It is estimated that in1885 Lewis F. Hadley, the authority on sign at the time claimed there were 110,000 sign-talking Indians in the United States. There is only a small percentage of sign talking Indians now. Many modern Indians now can speak better English than talk sign.

It appears that Indian sign language was widespread and allowed tribes that could not understand each others spoken languages were able to talk in sign.

Records of early explorers including that of Columbus indicate that they communicated with the Indians by sign.



Other uses of signs



Even though most of us do not use sign language we do use various hand signals. When I first learned to drive we had to use hand signals to indicate right and left turns and stops.  . Technically these signals are still in effect although my observation is that they are no longer learned or recognized. This is unfortunate because such signals come in handy in emergencies when  signal lights malfunction. They are also of use to bicycle riders. Now I often see drivers with their arms out the window in various positions and do not know if they are signaling or not. Apparently they don’t know either.




Dogs controlled by sign or hand signals


Not exactly a language but hand signals have often been used with dogs and other animals. Many training programs for dogs combine verbal with hand signals.

Albert Payson Terhune, the writer of dog stories, wrote some stories that took place in countries where sheep herding was a prominent culture and described how the sheep dogs were entirely controlled by sign.



Real sign languages are complex linguistically and have a history with the deaf communities that date back as far as Plato.  There are several sign languages for the deaf often associated with particular counties. In the United States the American School for the Deaf has been instrumental in teaching the deaf. American Sign Language (ASL) is a widespread language for the deaf in the United States.

Although not related to languages for the deaf American Indian Sign Language has been around since before white explorers made contact with the Indians.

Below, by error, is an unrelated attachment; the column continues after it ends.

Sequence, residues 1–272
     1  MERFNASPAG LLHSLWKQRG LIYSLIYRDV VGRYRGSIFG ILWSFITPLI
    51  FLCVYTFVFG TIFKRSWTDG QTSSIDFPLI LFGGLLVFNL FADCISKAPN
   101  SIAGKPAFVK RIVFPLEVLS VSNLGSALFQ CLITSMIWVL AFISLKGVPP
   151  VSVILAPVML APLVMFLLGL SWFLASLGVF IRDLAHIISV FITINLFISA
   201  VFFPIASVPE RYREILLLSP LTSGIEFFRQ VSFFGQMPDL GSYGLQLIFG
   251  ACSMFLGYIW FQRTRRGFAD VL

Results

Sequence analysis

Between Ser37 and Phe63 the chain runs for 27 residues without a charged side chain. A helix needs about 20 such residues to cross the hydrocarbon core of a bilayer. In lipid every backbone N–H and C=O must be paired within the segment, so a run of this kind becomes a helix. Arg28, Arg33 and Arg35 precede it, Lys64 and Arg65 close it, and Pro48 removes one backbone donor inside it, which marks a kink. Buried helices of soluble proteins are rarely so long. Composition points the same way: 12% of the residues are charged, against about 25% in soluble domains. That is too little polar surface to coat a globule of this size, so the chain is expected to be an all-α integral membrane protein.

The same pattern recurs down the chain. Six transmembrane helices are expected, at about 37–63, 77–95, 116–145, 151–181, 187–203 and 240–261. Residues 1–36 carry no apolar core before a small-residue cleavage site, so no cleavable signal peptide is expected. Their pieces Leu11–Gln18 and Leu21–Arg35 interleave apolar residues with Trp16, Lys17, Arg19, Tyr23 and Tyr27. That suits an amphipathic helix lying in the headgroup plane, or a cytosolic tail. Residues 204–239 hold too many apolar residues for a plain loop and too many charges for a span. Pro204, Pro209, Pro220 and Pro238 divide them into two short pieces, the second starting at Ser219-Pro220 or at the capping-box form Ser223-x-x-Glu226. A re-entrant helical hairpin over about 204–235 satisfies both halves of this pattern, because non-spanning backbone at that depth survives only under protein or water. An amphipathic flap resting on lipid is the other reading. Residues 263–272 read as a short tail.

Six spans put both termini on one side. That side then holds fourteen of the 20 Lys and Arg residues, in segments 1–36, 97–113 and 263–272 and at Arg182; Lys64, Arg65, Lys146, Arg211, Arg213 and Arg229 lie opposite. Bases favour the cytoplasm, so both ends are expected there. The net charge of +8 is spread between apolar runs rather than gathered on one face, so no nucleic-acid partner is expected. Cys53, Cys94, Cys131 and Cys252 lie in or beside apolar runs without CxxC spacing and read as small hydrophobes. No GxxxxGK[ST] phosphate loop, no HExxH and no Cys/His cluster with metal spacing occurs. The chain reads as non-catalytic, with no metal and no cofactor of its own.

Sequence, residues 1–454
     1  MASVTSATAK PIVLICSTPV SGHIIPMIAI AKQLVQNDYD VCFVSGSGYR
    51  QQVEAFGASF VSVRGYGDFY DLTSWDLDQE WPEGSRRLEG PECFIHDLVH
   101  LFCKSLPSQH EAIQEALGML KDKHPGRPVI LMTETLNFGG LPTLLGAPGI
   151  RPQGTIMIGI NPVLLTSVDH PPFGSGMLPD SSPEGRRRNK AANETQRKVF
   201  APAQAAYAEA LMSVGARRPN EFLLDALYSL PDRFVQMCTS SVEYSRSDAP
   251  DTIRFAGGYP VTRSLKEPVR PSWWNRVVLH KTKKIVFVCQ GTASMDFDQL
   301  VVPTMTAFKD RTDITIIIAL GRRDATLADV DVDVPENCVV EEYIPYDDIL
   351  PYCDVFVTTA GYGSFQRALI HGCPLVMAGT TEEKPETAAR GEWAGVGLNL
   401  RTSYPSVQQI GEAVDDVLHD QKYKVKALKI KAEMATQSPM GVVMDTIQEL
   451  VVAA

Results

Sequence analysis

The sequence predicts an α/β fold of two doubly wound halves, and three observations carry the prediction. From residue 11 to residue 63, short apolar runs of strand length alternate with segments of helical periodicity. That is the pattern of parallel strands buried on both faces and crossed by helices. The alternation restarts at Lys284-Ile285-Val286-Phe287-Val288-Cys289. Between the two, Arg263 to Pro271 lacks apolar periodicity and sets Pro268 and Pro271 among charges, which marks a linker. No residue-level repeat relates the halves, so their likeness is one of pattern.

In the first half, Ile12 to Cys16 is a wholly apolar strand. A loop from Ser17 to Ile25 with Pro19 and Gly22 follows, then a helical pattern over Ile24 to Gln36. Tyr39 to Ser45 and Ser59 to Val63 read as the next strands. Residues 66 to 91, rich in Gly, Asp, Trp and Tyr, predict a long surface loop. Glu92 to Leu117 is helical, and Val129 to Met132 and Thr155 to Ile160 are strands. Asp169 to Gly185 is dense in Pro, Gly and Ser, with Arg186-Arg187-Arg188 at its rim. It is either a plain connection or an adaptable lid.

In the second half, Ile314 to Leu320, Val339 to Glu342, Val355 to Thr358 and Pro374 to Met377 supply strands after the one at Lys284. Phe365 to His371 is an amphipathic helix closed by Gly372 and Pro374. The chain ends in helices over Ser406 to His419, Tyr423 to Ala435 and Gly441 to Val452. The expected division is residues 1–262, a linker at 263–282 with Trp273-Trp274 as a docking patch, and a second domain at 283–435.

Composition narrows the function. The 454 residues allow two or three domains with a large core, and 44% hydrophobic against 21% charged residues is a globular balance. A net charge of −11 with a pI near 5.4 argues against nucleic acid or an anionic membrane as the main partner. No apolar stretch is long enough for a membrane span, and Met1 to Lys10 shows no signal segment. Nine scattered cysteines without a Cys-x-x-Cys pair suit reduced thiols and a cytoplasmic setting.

© 2011 Don A. Hoglund


    0 of 8192 characters used
    Post Comment
    • dahoglund profile imageAUTHOR

      Don A. Hoglund 

      7 years ago from Wisconsin Rapids

      Thanks for your comment.Glad you found it useful.

    • theherbivorehippi profile image


      7 years ago from Holly, MI

      Wow...what a ton of information here. I have said for many years I would love to learn to sign..."just in case" I'm ever in a position where I need it. Coincidentally, I'm glad you mentioned dogs learning signals, mine are trained to respond to both verbal and hand commands. Fantastic hub!

    • dahoglund profile imageAUTHOR

      Don A. Hoglund 

      8 years ago from Wisconsin Rapids

      Therre are many sign languages. there are even different sign languages among the deaf.But, like you say there are other,maybe less complex, sign languages.Thanks for commenting.

    • profile image


      8 years ago

      I can't imagine a world without a sign language, everyone use it not only the deaf. It use for some commands, like thumbs up, quiet, stop etc.

    • dahoglund profile imageAUTHOR

      Don A. Hoglund 

      8 years ago from Wisconsin Rapids

      Thanks for the comment and vote.The information in this hub,by the way, also serves as background for some of the western stories I have written with the deaf boy and deaf dog.

      Your teaching experience is very special.

    • Reynold Jay profile image

      Reynold Jay 

      8 years ago from Saginaw, Michigan

      The very first thing I needed to do when I bacame a special ed teacher was to purchase a sign language book. I had a deaf student assigned to me and he was a holy terror for lack of communication. It was a rewarding expeince to teach him ( and the other students too)( they wanted to talk to him/listend etc) and things turned around quickly. Much like the Arch story. Excellent and well researched HUB. Wonderful up and awesome.

    • dahoglund profile imageAUTHOR

      Don A. Hoglund 

      8 years ago from Wisconsin Rapids

      By accident we went to a church service done in sign and English. We were just looking for a service out of town and didn't know about the sign language. It gave me insight I wouldn't have otherwise.Thanks for commenting.

    • Truckstop Sally profile image

      Truckstop Sally 

      8 years ago

      Thanks for the information. We have an outdoor theatre in my town, and on many nights -- the plays are offered in sign language. Beautiful to watch!

    • dahoglund profile imageAUTHOR

      Don A. Hoglund 

      8 years ago from Wisconsin Rapids


      Thanks for commenting. In the United States our sign language is based on the French for the simple reason that those who established it learned in France. Since our culture is more based on the English one would expect us to have a sign language based on English.

      It was only when I attended a church service done in English and sign language that I realized that it can also be esthetically pleasing.

      As far as using hand when they talk I think some nationalities like the Jewish, Italians and French do it more than some others.

    • dahoglund profile imageAUTHOR

      Don A. Hoglund